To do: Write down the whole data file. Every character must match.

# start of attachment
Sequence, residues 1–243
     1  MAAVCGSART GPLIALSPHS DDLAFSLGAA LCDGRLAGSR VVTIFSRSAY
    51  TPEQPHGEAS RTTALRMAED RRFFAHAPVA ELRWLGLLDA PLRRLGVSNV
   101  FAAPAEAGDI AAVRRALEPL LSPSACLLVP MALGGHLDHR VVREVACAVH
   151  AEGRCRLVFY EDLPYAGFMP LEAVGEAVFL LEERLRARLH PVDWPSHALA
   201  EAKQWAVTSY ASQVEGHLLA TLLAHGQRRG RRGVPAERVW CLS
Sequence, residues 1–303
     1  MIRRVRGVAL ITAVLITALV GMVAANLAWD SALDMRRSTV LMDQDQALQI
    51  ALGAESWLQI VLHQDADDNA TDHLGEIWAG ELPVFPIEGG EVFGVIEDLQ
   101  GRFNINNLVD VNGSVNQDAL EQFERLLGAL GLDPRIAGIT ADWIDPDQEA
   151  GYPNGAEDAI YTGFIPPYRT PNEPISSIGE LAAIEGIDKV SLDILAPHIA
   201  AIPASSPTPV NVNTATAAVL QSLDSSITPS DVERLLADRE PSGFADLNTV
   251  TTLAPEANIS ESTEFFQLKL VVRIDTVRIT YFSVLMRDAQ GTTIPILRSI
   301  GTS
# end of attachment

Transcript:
Sequence, residues 1–243
     1  MAAVCGSART GPLIALSPHS DDLAFSLGAA LCDGRLAGSR VVTIFSRSAY
    51  TPEQPHGEAS RTTALRMAED RRFFAHAPVA ELRWLGLLDA PLRRLGVSNV
   101  FAAPAEAGDI AAVRRALEPL LSPSACLLVP MALGGHLDHR VVREVACAVH
   151  AEGRCRLVFY EDLPYAGFMP LEAVGEAVFL LEERLRARLH PVDWPSHALA
   201  EAKQWAVTSY ASQVEGHLLA TLLAHGQRRG RRGVPAERVW CLS
Sequence, residues 1–303
     1  MIRRVRGVAL ITAVLITALV GMVAANLAWD SALDMRRSTV LMDQDQALQI
    51  ALGAESWLQI VLHQDADDNA TDHLGEIWAG ELPVFPIEGG EVFGVIEDLQ
   101  GRFNINNLVD VNGSVNQDAL EQFERLLGAL GLDPRIAGIT ADWIDPDQEA
   151  GYPNGAEDAI YTGFIPPYRT PNEPISSIGE LAAIEGIDKV SLDILAPHIA
   201  AIPASSPTPV NVNTATAAVL QSLDSSITPS DVERLLADRE PSGFADLNTV
   251  TTLAPEANIS ESTEFFQLKL VVRIDTVRIT YFSVLMRDAQ GTTIPILRSI
   301  GTS